Though only seven years into her legal career, Brittany Marvin has already set up shop in the deep end. The assistant general counsel at Dart Container has undertaken significant transformation efforts at the organization, streamlining early case assessment practices at Dart while simultaneously partnering with IT to ensure adherence to the EU’s General Data Protection Regulation (GDPR), which went into effect in 2018. The young lawyer says she’s learned being busy is never a substitute for being productive. That may be her legal experience talking—or the fact that she has a three-year-old and a three-month-old at home. Marvin is intent on leveraging all she has learned to keep legal operating as intelligently as possible.
Marvin, who went in-house almost immediately out of law school, says not traveling the common path of firm turned in-house lawyer can be a mixed blessing. “It took a lot of learning and listening to outside counsel to become familiar with the process surrounding day-to-day litigation,” Marvin says. “But I have a very deep understanding of how to work for a business and have that business be my only client, which I think a lot of people can struggle with.” Marvin says companies increasingly see the value of in-house counsel and their ability to operate in partnership with the business, and she has been willing to lead the way.
After her role was expanded to include litigation management three years ago, Marvin says the company’s growth mandated her to reconsider what could be done to simplify the legal function. “We needed to look at our litigation management practices and see how we could improve upon them,” Marvin says.
While looking into the broadly defined “early case assessment,” Marvin found that the process for information gathering needed to be carefully customized to Dart’s specific organizational needs. “Early case assessment is a systematic way for us to thoroughly analyze new field litigation in a time crunch of often less than sixty days,” Marvin says. “I wanted to make a repeatable process to respond to that time crunch.” Marvin drafted version after version of an “evolving template” that she believes can ultimately lead to huge savings for Dart. “We’re looking forward to seeing the great effects that it has in terms of litigation and understanding how our company goals should affect our litigation strategy,” Marvin says.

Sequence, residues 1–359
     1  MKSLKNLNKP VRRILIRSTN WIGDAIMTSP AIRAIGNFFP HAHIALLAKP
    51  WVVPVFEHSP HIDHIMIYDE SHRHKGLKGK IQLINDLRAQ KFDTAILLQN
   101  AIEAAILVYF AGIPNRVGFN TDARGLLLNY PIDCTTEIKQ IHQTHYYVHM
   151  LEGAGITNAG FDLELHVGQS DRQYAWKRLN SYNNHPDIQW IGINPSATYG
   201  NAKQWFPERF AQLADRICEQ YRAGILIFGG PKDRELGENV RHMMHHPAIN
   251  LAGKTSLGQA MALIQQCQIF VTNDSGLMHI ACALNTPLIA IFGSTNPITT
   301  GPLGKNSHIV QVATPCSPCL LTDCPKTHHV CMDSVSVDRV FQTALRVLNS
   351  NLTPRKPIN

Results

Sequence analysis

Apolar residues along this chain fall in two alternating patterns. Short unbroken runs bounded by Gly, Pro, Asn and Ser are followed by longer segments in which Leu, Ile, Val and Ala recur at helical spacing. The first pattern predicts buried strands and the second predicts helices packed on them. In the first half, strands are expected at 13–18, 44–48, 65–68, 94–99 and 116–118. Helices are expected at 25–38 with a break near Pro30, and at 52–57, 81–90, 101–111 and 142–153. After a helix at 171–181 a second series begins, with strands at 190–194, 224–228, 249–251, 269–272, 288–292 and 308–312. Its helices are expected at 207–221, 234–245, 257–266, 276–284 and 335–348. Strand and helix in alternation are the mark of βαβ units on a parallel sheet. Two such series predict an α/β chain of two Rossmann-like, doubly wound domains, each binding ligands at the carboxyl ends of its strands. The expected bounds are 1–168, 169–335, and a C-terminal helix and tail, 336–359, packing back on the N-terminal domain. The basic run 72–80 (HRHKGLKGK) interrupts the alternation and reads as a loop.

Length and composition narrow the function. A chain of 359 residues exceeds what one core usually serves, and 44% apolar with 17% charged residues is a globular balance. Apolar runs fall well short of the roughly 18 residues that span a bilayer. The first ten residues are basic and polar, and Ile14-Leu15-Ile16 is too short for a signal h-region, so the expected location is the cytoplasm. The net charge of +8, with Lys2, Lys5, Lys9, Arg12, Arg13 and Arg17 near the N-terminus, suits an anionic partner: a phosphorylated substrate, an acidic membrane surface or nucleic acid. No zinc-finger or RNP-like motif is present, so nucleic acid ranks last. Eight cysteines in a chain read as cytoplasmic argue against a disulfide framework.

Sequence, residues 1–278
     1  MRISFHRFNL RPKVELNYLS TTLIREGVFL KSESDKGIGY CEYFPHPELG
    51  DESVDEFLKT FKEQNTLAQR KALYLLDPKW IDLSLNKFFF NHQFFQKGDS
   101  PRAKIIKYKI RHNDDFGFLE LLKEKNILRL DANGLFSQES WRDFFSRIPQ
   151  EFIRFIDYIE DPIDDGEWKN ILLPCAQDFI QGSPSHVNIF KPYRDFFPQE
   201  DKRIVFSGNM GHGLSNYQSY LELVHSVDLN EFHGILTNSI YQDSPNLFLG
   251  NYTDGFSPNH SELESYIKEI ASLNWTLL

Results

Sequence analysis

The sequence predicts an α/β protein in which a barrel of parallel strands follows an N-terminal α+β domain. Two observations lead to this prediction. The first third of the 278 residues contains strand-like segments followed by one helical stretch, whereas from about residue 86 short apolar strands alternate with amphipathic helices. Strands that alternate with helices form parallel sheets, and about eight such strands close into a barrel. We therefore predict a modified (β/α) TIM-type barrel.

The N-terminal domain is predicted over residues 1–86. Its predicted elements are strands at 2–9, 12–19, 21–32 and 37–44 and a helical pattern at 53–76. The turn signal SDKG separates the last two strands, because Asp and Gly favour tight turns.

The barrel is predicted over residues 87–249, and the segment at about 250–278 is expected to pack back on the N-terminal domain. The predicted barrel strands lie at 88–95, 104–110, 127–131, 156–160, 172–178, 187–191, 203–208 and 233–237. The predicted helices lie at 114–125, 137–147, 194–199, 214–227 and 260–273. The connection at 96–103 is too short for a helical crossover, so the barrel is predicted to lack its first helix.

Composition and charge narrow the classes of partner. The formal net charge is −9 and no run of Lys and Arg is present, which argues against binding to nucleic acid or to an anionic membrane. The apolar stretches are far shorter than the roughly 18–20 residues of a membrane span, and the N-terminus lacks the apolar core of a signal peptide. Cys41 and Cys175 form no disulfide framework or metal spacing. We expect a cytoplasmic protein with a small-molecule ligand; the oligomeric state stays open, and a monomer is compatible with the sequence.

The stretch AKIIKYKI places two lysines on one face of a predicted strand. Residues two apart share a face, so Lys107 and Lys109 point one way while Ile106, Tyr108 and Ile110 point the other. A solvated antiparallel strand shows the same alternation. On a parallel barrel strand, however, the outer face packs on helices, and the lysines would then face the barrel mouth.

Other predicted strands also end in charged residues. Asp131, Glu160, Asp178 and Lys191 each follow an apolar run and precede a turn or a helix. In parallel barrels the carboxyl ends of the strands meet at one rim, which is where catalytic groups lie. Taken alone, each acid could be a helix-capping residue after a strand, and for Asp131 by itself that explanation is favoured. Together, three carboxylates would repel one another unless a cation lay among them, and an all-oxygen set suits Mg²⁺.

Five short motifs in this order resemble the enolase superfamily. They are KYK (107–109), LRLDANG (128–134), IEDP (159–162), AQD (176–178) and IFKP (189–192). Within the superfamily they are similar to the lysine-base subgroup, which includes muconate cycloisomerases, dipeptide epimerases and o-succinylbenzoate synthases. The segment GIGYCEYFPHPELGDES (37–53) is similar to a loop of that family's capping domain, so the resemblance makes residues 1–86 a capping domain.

At the same time, Marvin had been tasked to partner with IT to get Dart in compliance with the strongest data privacy program in history, the EU’s GDPR. The role of data privacy on the whole has evolved at a staggering pace in Marvin’s own career. “In law school, I don’t remember there being a single course offered, and now it’s an entirely singular field of practice for many attorneys,” Marvin says. “It was a huge undertaking and extremely daunting.”
By asking what Dart’s organizational goals were and what outcomes they wanted to achieve, Dart and her team were able to approach the project in a tiered manner, prioritizing the most important objectives. Marvin says that a steady stream of vendors promised magical delivery of GDPR-compliant guidelines but that those approaches completely missed the point. “Implementing a privacy program requires a deep understanding of your organization. You cannot take that cookie-cutter approach,” Marvin says.
By breaking down larger goals into smaller and more visible goals, Marvin and her team started netting small victories, which then turned into larger ones. Still, Marvin says that data privacy is becoming an increasingly more complicated field. “You can always do more, and that’s the goal: to try and know what you don’t know,” Marvin says. “From where our data is held to how it’s moved, our efforts with GDPR compliance will assist us with future domestic and international compliance requirements, including California’s Consumer Privacy Act.”
Helping build out Dart’s legal function has coincided with Marvin’s building out her family function. The mother of two says that constantly working to maintain the idea of work/life balance proved stressful in and of itself. “I’m working to integrate everything I love into a life that works for me,” Marvin says. “I’m learning to do what I need to do in order to decrease the guilt and just be happy.”